Quirky Question #248, Is arbitration really better than court?

Question:

My company is considering implementing a policy of mandatory arbitration of employment disputes.  Putting aside the legal considerations, is this practically a good idea?

Answer: By Joel O’Malley and David Murphy

Joe O'Malley

Joe O’Malley

David Murphy

David Murphy

I have been hearing this question more and more in recent years as defending against baseless lawsuits by employees becomes increasingly costly (okay, I admit they’re not all baseless) and arbitration becomes more popular.  Despite these general beliefs, employers do not always benefit from arbitration and should carefully weigh the pros and cons before committing to an agreement that may benefit the employee in a later context.

Generally, arbitration fosters less costly and contentious discovery (the phase when documents are exchanges and depositions occur), particularly if some constraints on allowable discovery are imposed. This benefit will be reduced, however, when an arbitrator allows discovery to be as broad as that allowed by a judge, or when the arbitration hearing is likely to be lengthy. If discovery constraints are imposed, arbitration usually will favor the employer because the employer generally has more of the facts, receives broader and more burdensome discovery requests in normal litigation, and has employees who must miss work to respond to discovery and deposition requests.

Another advantage is that parties may select their arbitrator, rather than simply being assigned a judge or jury, and therefore have some say in who will decide their dispute. Selecting the best arbitrator is not always an easy task, though; it can be difficult to find out much information to confidently predict an arbitrator’s likely leanings.

In arbitration, employers are not faced with potential run-away juries. Both parties have improved chances that the case will be decided on its merits, rather than on prejudicial or inflammatory evidence.

Finally, arbitration may provide greater privacy to the parties. Privacy may be particularly important when the allegations or evidence are considered sensitive. This privacy benefit should be tempered against the trend of parties starting to publicize arbitration demands and victories with the same regularity as they publicize court complaints and verdicts.

The major disadvantage to arbitration is that arbitration awards are virtually non-appealable. As a result, the parties are essentially stuck with errors of law or clearly erroneous factual findings. As the use of arbitration becomes more frequent, parties should benefit from arbitrators who are both impartial and well versed in employment law, which reduces the likelihood of such errors. Arbitration may be ill advised if novel claims or defenses are to be advanced. Further, arbitrators are more likely to “split the baby” when issuing a decision, rather than strictly follow the law. For example, an arbitrator may compromise strong cases for employers by ordering reinstatement without back pay. This results in a bad precedent for the employer, as well as the reinstatement of a disgruntled employee.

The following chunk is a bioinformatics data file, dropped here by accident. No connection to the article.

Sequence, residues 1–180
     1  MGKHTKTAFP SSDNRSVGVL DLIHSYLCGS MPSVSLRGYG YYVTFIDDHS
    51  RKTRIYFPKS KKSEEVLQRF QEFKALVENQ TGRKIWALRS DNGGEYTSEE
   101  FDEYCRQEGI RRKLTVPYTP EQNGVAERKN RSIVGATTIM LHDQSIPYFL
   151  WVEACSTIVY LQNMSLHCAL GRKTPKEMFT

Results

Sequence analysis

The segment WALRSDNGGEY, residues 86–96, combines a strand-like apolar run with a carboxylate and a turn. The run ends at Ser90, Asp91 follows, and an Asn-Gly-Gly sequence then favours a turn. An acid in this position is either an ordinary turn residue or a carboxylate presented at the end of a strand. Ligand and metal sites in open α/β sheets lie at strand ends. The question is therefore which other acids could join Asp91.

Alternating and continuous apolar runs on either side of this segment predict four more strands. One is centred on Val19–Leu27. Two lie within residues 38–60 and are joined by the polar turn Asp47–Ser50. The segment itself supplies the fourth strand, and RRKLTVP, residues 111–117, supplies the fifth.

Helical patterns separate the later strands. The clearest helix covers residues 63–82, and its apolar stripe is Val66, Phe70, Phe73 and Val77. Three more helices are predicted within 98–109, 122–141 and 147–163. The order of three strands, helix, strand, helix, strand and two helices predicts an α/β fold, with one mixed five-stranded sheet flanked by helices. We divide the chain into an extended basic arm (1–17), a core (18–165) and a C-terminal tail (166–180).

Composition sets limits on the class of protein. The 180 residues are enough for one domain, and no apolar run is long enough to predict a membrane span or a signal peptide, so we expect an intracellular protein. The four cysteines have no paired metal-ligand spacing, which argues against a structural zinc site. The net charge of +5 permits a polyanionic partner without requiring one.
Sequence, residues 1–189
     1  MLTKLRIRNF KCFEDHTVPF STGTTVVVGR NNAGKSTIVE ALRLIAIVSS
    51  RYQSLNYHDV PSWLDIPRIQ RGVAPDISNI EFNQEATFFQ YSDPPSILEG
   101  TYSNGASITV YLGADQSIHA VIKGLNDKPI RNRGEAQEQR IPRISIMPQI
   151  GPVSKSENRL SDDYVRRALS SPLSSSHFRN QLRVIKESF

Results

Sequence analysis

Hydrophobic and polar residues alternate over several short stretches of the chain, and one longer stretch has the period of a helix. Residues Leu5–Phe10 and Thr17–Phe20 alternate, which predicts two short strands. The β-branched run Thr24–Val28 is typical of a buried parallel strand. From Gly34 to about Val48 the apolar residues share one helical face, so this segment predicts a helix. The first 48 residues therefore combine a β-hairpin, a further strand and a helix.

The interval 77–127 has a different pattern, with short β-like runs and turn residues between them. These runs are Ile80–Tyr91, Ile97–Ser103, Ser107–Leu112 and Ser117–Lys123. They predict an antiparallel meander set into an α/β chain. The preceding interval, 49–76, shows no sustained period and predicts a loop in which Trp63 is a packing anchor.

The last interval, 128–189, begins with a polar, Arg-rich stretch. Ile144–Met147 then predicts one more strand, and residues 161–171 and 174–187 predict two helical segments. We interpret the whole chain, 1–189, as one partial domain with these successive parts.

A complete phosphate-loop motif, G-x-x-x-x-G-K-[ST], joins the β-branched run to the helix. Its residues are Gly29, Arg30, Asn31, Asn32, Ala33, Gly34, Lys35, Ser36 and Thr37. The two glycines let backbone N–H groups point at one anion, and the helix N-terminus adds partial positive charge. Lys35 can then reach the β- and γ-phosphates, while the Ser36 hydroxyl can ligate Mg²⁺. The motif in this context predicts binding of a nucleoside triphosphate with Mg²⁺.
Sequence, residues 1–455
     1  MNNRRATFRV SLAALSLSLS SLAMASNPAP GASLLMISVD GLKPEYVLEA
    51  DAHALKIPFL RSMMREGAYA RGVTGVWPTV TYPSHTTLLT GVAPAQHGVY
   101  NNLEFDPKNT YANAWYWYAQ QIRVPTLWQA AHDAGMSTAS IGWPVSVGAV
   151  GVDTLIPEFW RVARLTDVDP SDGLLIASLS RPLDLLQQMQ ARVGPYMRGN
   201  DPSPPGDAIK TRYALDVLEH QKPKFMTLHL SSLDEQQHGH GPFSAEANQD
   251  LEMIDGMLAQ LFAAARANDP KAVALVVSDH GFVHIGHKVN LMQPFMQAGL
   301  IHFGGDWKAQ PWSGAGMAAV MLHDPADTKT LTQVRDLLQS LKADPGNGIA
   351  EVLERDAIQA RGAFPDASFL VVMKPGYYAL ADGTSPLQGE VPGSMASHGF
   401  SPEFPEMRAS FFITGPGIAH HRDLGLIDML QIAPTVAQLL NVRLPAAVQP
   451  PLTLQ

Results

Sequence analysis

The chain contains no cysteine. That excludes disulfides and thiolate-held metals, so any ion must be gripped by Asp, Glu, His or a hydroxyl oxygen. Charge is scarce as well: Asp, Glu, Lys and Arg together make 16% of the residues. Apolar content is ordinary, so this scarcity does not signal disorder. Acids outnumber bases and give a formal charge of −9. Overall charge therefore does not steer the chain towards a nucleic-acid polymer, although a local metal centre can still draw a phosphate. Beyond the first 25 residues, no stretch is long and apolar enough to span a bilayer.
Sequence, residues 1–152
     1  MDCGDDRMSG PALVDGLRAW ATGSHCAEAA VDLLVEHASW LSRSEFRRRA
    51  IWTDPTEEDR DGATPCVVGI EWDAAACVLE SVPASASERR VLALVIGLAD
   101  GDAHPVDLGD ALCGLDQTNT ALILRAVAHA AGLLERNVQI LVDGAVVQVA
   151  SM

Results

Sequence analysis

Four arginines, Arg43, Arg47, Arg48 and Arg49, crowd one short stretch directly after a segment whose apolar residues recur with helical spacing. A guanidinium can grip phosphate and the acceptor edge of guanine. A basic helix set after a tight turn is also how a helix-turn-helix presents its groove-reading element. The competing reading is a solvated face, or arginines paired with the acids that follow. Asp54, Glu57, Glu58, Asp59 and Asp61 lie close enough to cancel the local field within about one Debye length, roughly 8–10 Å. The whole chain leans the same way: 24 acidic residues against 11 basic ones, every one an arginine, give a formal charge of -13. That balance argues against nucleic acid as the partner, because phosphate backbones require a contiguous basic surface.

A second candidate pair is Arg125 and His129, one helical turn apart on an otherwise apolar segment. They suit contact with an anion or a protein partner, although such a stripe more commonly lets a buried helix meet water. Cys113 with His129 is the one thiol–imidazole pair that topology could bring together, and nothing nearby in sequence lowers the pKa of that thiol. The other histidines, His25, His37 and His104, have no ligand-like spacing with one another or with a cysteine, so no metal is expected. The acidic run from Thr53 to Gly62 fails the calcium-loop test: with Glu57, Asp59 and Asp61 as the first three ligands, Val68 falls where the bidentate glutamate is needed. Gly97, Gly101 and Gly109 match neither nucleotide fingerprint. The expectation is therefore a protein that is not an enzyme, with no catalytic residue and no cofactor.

In addition, discovery in arbitration seems to be moving more liberal, with arbitration mirroring litigation in terms of pre-trial and trial practice. Moreover, because arbitrators are generally paid by the hour, they have a strong financial disincentive to streamline proceedings. As a result, there often is no reduced expense over going to court.

Because evidentiary rules are more relaxed in arbitration, undesirable and otherwise inadmissible evidence may be admitted. Arbitrators are less receptive to technical and procedural defenses (like statutes of limitations) and rarely dismiss claims on motions to dismiss or for summary judgment. Unlike judges, arbitrators have little incentive to clear their dockets. Thus, almost all cases are likely to advance to a hearing on the merits. Arbitrators also seem to be less likely to exercise control over attorney misbehavior than are judges, potentially increasing both expense and headache.

Finally, some experts assert that the easy access, inexpensiveness, and privacy of the arbitral forum may actually increase employees’ willingness to sue, and therefore increase the number of claims against the employer. There is no hard evidence yet to support this assertion.

Before determining whether an arbitration agreement would be appropriate or desirable, an employer must carefully examine itself, its workforce, and its legal situation. The decision to use an arbitration agreement should not be made lightly because the agreement will affect the legal rights of both employer and employee. Before implementing an arbitration policy, the employer must contemplate the effect such a provision might have on employee morale, recruitment, retention, labor relations, customer relations, and on the employer’s overall legal situation. All these factors should be considered, in consultation with legal counsel, before an arbitration policy is implemented.

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